Who needs learning outcomes, anyway?
- explain what learning outcomes are
- write your own performance-focused learning outcomes
- present learning outcomes without relying on bullet points
In this latest blog from the Learning Experience team, Ross Dickie shows us how they really should be done.
What is a learning outcome?For most people, “learning outcomes” will evoke memories of the worst kind of learning experience: an e-learning course or workshop that begins with some version of the bullet points above, and then tediously wades through each point before arriving at a final assessment.
But, done right, learning outcomes can and do serve a useful purpose. And not just for learners!
For the organization, they provide a clear definition of what the learning intervention is aiming to achieve.
For learning designers, they help clarify what’s important and – crucially – what’s not.
And for learners, they clarify what they will get out of the learning experience: the “What’s in it for me?”
Want to learn more about learning outcomes? Listen to our podcast!In a recent episode, the Mind Tools L&D Podcast team, Ross D, Ross G, Tracey and Sean explored the characteristics of good learning outcomes and their connection to business objectives.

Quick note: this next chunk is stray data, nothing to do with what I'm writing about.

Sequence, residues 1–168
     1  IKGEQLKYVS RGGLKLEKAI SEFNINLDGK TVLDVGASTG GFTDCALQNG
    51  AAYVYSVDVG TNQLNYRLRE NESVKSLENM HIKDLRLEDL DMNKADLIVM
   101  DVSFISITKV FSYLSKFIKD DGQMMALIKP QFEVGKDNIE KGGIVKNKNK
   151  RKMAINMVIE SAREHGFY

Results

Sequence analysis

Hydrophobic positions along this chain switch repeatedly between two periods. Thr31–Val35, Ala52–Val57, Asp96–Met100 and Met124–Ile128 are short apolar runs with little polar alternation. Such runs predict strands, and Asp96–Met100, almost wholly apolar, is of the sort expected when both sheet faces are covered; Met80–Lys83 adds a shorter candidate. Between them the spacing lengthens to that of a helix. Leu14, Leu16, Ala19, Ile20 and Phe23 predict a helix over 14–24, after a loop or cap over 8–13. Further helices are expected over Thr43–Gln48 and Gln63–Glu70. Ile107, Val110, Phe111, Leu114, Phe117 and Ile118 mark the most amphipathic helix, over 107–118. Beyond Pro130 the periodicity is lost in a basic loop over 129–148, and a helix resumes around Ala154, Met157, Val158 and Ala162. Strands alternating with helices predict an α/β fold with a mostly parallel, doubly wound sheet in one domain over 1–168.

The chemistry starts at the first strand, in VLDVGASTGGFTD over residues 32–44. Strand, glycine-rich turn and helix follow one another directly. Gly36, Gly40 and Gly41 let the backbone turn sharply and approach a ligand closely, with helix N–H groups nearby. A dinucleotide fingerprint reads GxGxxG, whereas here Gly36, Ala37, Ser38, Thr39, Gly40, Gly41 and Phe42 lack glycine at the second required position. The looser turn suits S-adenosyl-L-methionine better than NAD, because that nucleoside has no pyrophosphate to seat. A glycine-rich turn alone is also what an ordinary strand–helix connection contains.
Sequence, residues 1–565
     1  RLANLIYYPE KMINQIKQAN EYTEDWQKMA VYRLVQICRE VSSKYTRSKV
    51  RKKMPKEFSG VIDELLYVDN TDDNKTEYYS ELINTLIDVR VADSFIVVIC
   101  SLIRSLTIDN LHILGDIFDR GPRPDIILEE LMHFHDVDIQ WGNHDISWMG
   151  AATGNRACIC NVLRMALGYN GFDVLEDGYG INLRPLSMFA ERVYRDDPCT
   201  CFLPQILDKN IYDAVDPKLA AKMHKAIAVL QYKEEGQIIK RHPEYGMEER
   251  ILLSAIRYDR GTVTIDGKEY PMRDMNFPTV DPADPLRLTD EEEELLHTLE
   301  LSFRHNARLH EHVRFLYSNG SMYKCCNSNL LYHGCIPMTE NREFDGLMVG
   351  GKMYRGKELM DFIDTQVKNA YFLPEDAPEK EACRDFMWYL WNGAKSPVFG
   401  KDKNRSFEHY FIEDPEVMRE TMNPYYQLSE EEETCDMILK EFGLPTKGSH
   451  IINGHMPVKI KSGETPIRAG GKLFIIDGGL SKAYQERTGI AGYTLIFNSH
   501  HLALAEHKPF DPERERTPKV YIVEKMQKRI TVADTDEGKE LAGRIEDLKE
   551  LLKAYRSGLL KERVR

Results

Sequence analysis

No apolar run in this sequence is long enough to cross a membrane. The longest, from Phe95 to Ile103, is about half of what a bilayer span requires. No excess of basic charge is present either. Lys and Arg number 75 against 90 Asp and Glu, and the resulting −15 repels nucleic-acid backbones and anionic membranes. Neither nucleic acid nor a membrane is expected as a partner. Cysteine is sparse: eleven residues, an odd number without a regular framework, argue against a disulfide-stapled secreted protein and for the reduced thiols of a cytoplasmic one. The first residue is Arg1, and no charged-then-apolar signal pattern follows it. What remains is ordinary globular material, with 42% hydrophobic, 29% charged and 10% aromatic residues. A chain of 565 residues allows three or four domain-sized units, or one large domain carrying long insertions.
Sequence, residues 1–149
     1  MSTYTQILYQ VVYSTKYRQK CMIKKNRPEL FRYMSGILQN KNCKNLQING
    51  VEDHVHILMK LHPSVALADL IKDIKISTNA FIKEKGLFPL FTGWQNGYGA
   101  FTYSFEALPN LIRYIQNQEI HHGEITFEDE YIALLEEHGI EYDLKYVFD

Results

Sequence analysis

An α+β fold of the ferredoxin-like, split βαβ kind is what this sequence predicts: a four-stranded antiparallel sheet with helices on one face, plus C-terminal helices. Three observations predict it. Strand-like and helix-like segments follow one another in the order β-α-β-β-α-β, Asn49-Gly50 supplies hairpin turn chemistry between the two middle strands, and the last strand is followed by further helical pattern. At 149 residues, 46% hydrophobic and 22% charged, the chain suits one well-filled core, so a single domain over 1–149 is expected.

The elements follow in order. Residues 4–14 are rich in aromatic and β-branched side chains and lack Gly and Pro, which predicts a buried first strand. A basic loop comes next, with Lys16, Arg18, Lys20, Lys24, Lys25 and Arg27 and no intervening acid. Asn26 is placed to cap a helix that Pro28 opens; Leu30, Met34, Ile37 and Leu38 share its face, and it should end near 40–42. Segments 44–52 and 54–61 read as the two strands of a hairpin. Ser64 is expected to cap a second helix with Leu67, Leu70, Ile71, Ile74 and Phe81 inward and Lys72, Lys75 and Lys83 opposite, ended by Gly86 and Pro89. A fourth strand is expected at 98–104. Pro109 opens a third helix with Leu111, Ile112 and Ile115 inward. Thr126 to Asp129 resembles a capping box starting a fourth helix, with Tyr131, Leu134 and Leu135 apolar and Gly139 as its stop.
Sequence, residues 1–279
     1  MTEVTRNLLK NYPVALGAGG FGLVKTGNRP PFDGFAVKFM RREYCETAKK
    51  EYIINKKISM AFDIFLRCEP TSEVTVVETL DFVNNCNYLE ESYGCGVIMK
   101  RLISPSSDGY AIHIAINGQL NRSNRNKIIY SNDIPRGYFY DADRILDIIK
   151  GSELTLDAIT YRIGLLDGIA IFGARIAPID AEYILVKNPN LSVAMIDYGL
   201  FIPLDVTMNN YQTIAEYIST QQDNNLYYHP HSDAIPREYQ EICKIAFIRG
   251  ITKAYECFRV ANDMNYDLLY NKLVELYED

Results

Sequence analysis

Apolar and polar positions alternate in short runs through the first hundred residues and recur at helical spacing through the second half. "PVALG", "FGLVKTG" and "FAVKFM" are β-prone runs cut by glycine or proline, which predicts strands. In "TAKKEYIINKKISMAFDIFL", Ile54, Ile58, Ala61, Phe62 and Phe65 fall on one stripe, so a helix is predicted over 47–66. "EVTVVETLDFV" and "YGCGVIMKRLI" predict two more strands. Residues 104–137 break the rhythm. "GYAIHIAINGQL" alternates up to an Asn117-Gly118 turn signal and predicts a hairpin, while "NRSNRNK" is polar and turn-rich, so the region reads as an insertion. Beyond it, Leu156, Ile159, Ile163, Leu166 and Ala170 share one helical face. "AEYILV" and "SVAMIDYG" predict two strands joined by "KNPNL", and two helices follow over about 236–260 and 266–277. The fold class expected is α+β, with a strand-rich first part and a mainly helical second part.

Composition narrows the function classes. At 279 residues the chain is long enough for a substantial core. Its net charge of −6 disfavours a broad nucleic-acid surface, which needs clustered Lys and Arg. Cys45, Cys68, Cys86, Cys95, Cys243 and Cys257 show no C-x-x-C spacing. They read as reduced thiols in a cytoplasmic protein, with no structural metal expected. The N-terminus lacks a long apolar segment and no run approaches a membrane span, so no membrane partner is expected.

Don't have time to listen to the podcast right now? Continue reading our article below.
Organizational outcomesBefore rushing to design a learning intervention, the first question you should ask is: “What would success look like?” Without a clear understanding of the organization’s goals, there’s a risk that you’ll end up with a solution in search of a problem. In other words, a course or resource that’s stuffed with content that doesn’t feel relevant, and fails to develop skills that support the needs of the business.
So, spend time defining your organization’s problem(s), then ask: if this were solved, what would we expect to see? That’s your desired organizational outcome.
Learning outcomes for developing contentThe next step is to translate that into learning outcomes. Put simply, you need to determine what you want learners to do differently as a result of your intervention.
A good place to start here is with what learning designer Julie Dirksen refers to as “gaps”. Gaps explain why people don’t do the things that we think they should be doing. These could be:
- A knowledge gap – People don’t know what it is that they’re meant to do.
- A skills gap – People don’t have the skills or have never had a chance to practice.
- A motivation gap – People aren’t motivated to do something.
- A habit gap – People are motivated to give it a go, but it’s not a habit so they often forget.
- A communication gap – People haven’t been told what to do, or it hasn’t been explained well.
- An environment gap – The environment discourages people from doing something. For example, maybe the safety equipment is locked up and difficult to access so doesn’t get used.
Not all of these are “learning” problems, and that’s why starting with an organizational outcome is so important. If we focus on this, we can expand our options beyond learning.
For now, though, let’s assume that learning is the answer. Typically, we’ll focus our learning outcomes on “doing” rather than “knowing” because knowledge doesn’t necessarily lead to action. By identifying the specific actions learners need to take to achieve the desired organizational outcome, we not only account for gaps that aren’t knowledge-related, we also avoid the temptation to pack our intervention with stuff that is simply “nice to know”.